Note the large institutional uses located at the edge of town -- penitentiary, "hospital" (Dix Asylum), St. Mary's School, and the Methodist Orphanage. The early suburb, Cameron Park, is labeled "Park."
From the 1920 Automobile Blue Book. The ABB guides provided early motoring maps and directions for most American states.
Well, it's true: As long as former councilors Jessie Taliaferro and Joyce Kekas had their fangs in Hillsborough Street's neck, no initiative for that street on the part of Mayor Meeker or his supporters could go anywhere.
But since Monday, a 7 to 1 city council majority for re-investment and revitalization of this important urban corridor -- the front door to the state's flagship land-grant university -- is in play.
Word's in from the first meeting of the Hillsborough Street Partnership since the new City Council was sworn in Monday night: The mood was encouragement -- relief -- and renewed hope that Raleigh's long-neglected main street will soon be on the mend, with the institutional buy-in that's now possible with a working, pro-Raleigh majority on the city's elected board.
Change won't take long, either. In May, construction will begin on the first two Hillsborough Street roundabouts, along with landscaping, parking, and median improvements. The ugly aerial utilities will come down, and streetscape improvements to sidewalks and other street furnishings will be installed.
Next up for consideration, on December 11: choices for another roundabout, at Morgan Street.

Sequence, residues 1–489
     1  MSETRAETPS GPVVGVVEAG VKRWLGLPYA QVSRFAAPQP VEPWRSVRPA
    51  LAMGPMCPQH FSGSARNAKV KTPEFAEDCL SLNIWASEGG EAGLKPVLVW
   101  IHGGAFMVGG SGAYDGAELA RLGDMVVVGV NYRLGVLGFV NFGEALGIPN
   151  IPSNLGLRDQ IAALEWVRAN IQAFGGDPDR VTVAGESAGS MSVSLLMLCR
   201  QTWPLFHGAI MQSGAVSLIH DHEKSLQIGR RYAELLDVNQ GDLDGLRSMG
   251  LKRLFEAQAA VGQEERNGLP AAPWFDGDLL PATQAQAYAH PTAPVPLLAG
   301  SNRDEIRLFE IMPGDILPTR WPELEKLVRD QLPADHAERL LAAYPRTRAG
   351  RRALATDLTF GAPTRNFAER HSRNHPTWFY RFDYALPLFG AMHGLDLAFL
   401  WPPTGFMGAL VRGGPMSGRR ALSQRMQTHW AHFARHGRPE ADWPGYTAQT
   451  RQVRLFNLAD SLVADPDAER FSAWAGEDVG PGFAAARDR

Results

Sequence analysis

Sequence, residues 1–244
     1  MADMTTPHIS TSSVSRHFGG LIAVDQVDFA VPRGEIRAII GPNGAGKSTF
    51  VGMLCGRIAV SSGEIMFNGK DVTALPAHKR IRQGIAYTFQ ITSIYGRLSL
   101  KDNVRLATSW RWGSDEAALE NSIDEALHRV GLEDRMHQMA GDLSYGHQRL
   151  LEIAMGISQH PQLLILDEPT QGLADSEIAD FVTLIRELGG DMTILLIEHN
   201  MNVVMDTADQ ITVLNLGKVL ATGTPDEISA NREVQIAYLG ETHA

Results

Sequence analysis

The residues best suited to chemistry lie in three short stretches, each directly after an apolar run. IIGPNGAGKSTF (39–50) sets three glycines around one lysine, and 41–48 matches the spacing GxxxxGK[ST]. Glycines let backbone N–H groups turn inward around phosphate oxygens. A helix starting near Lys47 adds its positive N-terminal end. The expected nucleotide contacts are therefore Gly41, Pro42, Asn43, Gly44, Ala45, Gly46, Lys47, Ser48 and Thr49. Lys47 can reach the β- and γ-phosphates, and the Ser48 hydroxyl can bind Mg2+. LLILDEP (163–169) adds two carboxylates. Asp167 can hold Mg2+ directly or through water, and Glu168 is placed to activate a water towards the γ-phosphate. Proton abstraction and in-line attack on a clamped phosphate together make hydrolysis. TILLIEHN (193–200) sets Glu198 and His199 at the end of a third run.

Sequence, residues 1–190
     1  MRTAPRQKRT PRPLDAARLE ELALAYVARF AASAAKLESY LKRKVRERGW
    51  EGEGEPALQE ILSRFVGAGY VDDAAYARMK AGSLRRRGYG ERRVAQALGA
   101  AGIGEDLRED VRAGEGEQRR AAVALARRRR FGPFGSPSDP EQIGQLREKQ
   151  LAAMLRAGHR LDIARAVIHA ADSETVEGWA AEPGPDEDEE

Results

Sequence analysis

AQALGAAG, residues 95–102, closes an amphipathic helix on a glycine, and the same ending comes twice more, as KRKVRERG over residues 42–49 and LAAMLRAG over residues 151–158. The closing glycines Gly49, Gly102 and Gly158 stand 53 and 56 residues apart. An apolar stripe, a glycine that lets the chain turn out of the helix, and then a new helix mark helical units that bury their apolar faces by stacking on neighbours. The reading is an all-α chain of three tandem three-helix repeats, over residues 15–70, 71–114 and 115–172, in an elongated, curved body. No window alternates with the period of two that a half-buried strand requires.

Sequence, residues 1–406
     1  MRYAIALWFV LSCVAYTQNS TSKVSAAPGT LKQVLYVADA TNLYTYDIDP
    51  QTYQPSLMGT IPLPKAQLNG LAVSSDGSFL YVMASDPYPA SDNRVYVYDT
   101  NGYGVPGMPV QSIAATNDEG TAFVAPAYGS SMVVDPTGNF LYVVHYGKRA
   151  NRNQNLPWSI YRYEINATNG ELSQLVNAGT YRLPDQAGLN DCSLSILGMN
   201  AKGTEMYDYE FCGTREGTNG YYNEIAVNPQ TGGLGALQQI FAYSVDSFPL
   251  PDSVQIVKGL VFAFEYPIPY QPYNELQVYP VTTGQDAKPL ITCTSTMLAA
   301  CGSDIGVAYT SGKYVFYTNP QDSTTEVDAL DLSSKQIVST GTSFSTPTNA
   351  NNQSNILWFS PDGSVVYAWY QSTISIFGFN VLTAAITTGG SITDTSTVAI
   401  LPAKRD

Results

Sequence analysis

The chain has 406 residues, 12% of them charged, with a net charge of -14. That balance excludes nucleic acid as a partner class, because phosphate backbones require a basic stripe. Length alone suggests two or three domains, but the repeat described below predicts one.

Meanwhile, at the staff level, the highway dinosaurs in the city's Public Works department (and the consulting engineers they hired) were still advocating for a high-speed thru lane to circumvent the roundabout -- as if Hillsborough Street were just another Taconic State Parkway.
Expect a different approach next week. And over the next two years.
Side note: Woe betide those city staffers who don't shift gears (or perhaps we should say, match their stride) to the new council's more inclusive, pedestrian-friendly approach.
This insert in a Progress Energy electric bill highlights Bingham Ridge, a new subdivision in Chatham County – the first “green neighborhood” in Progress Energy Carolinas’ system.The insert says that “all of the homes are energy Star Certified … each home is equipped with solar panels and other innovative technology.”
What’s the problem with this neighborhood and energy efficiency?Here’s a hint from the insert:
From Chapel Hill, take 15-501 South. Turn Right on Mann's Chapel Rd. Go 2 miles. Turn right on Poythress Rd. Bear left at the Chapel, onto Lamont Norwood Rd. Go 2 miles to Bingham Ridge Drive.
Nice as this place may be, it’s located eight miles from the nearest town. You remember town -- that's where you get groceries, and go to your job.*
Every house in this subdivision will generate at least 9 vehicle trips per day (ITE Manual, 6th edition). Most of those trips will be at least 8 miles long because this place is that far out in the sticks.
Transportation accounts for a third of greenhouse gas emissions in the US. Residents of Bingham Ridge will be buying into a compulsory driving lifestyle that will far outpace the energy savings from all those high-end fridges and dishwashers.
Better approach – build the houses in a walkable neighborhood in a town or city where folks can walk**, bike, or take shorter car trips to their destinations.
* Towns also have restaurants, sporting events, banks, FedEx/Kinkos, and stuff like that.